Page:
What to Include in a Query Letter

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To many publishers, the query letter is the introduction to the possibility of working with you as a writer. Before you get too far into all the details of what to include in one, however, you need to make sure that the publisher to which you are submitting your idea prefers a query letter to an actual proposal or the full manuscript.

While many publishers are just fine with a well thought out, one-page query, there are those who prefer much more and are willing to spend the time to read 10 to 100 pages.Once you’ve determined that the publisher you’re considering allows or prefers query letters, then it’s time to ensure you’ve got a checklist that accounts for all the necessary components.

Consider this your cheat sheet:

The Date – A publisher will want the date listed on the letter for their records.

The Status – Let the publisher know whether or not you are submitting the query simultaneously to different publishers (check to make sure the publisher allows this). Also include the percentage of manuscript completion (i.e., completed, near completion).

The Hook – How are you going to grab the publisher’s attention? You need to start with a strong hook. A good hook for a book about cyber bullying might go as follows:

More than half of all young people have admitted to being cyber bullied in some form or another.

In such a short amount of space, you are telling the publisher about your topic while at the same time informing him/her of the potential appeal or market reach.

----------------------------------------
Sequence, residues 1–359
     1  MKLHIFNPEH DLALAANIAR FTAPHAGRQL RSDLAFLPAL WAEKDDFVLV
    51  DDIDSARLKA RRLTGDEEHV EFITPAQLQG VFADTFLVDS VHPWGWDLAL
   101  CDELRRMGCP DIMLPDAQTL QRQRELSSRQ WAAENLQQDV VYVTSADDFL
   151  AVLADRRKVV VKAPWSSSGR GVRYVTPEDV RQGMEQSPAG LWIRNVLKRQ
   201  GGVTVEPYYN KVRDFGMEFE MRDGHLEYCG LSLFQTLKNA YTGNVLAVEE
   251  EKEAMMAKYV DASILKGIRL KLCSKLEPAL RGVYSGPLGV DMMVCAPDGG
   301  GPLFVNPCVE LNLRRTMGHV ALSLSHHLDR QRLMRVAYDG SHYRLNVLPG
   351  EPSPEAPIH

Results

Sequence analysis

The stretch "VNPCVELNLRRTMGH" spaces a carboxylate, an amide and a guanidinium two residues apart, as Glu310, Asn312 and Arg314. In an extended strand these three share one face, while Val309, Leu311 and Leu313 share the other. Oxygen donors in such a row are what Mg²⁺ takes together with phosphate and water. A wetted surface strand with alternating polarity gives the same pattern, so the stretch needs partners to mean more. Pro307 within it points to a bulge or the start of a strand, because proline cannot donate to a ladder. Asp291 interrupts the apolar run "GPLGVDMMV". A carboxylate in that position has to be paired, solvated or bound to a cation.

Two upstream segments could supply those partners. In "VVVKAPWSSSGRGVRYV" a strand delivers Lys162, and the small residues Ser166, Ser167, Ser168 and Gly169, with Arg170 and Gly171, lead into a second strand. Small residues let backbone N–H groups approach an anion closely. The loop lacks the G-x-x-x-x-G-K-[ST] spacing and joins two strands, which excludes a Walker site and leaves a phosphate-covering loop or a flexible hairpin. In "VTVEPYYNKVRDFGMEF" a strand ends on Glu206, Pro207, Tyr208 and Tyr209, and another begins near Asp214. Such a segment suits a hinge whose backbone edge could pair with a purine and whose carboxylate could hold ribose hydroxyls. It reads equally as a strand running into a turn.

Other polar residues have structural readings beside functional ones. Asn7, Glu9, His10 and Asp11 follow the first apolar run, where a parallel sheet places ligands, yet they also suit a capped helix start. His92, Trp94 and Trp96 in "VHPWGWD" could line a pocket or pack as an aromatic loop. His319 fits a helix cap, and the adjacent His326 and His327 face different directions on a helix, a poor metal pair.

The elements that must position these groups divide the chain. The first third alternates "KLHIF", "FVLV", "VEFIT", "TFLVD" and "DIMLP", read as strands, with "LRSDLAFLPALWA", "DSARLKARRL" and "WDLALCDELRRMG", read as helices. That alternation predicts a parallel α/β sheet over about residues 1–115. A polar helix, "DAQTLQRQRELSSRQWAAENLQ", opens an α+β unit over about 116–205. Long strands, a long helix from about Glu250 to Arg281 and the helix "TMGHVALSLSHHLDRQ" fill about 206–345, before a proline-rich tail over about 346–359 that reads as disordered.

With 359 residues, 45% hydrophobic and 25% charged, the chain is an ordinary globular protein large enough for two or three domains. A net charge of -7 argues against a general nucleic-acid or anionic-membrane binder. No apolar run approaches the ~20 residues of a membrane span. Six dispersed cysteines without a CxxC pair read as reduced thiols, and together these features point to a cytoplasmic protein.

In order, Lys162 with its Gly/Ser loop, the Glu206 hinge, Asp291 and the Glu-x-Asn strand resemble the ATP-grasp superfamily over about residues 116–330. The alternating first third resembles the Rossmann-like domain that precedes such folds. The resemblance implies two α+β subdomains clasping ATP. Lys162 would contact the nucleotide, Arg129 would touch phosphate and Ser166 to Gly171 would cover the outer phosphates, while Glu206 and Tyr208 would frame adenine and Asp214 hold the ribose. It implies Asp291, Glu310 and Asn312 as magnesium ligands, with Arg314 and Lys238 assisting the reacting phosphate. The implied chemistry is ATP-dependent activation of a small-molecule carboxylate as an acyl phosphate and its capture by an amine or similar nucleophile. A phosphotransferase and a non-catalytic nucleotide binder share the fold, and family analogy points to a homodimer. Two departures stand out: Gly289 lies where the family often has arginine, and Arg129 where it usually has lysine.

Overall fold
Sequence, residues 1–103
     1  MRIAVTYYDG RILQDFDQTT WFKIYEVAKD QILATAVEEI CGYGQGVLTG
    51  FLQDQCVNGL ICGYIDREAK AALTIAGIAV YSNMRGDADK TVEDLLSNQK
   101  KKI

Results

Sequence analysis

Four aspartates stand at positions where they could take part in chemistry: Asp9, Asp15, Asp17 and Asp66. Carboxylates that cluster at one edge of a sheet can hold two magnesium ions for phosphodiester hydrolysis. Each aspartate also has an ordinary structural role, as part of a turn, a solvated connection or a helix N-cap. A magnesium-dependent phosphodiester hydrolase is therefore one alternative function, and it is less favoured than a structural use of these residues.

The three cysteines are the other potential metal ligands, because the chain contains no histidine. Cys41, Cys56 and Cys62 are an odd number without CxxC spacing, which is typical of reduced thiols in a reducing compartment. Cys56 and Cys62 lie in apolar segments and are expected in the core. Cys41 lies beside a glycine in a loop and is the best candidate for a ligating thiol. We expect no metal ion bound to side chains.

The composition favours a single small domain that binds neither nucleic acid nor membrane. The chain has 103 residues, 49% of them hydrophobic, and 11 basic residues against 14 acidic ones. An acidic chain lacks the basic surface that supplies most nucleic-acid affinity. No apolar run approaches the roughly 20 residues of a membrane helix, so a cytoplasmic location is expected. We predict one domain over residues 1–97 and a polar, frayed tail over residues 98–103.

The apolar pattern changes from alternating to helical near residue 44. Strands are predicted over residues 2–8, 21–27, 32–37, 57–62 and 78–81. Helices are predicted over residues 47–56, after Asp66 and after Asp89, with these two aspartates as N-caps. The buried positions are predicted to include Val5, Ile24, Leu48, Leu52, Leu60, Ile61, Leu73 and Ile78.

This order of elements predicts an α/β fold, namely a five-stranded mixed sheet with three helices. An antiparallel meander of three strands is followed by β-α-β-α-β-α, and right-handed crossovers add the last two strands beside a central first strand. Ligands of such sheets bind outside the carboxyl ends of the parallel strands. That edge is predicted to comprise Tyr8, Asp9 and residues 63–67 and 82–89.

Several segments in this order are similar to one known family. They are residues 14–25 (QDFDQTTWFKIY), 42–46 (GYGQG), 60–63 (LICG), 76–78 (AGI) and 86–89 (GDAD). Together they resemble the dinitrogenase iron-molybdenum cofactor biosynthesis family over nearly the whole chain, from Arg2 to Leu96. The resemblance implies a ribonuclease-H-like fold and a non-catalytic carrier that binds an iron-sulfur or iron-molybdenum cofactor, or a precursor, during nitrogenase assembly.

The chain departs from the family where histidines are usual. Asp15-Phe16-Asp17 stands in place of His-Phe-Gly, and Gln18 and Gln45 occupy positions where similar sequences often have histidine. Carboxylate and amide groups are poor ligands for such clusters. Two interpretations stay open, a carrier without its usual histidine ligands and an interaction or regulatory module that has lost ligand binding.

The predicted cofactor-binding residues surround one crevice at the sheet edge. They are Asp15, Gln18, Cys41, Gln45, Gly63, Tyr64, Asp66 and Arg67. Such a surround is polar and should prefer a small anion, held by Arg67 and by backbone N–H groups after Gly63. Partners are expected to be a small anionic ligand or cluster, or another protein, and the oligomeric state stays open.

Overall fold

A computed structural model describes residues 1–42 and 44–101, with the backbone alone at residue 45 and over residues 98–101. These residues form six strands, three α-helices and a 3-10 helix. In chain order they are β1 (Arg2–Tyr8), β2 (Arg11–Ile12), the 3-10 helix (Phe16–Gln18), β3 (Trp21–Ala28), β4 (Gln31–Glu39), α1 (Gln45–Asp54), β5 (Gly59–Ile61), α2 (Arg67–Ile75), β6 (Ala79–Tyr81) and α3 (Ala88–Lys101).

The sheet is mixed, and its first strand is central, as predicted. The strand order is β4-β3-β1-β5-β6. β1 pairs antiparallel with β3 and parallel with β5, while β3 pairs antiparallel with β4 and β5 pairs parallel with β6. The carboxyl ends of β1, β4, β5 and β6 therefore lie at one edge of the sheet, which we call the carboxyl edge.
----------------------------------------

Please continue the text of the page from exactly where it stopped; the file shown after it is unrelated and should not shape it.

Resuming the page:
Keep in mind that you never want to use your hook as an opportunity to introduce yourself or ask the publisher for sympathy because you’ve never been published. Keep it professional and confident.

The Pitch: What are you prepared to offer the publisher? Here is where you tell him/her that you have ten chapters written of a book about cyber bullying and include a very brief summary in a sentence or two. Including a title or working title is beneficial.

The Body: In two or three paragraphs, you want to take your hook and turn it into an informative breakdown on how your book is going to read

The Sale: While the idea for the book is crucial, who is behind the idea is just as important. The publisher is going to be making an investment in you, so let him/her know why you’re qualified to write the book, the research you’ve done on the market, and how you plan to help sell it to the masses.

The Close: Kept short and sweet, the letter’s close should simply include a sincere thanks and your full name and contact information.

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About Author

Amy Day

Amy Day is the Associate Publisher and a contributing writer for Strategy Magazine. She has an MBA in Marketing Communications and Strategic Leadership from Southern Methodist University and has been on staff with Strategy for nearly a decade. She is an award-winning business executive with customer service credentials from the Disney Institute. In addition to editorial oversight, her regular beat includes business, customer service, publishing, and family/child wellness.

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